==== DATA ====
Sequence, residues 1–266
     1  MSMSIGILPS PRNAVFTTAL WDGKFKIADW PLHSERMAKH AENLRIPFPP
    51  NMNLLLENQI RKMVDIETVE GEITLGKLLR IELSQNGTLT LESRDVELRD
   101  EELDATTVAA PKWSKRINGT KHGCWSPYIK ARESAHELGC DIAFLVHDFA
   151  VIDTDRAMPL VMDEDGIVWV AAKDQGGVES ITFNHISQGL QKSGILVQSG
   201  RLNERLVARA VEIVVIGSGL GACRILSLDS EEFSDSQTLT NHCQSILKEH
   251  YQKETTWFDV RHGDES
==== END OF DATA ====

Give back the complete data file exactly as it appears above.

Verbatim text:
Sequence, residues 1–266
     1  MSMSIGILPS PRNAVFTTAL WDGKFKIADW PLHSERMAKH AENLRIPFPP
    51  NMNLLLENQI RKMVDIETVE GEITLGKLLR IELSQNGTLT LESRDVELRD
   101  EELDATTVAA PKWSKRINGT KHGCWSPYIK ARESAHELGC DIAFLVHDFA
   151  VIDTDRAMPL VMDEDGIVWV AAKDQGGVES ITFNHISQGL QKSGILVQSG
   201  RLNERLVARA VEIVVIGSGL GACRILSLDS EEFSDSQTLT NHCQSILKEH
   251  YQKETTWFDV RHGDES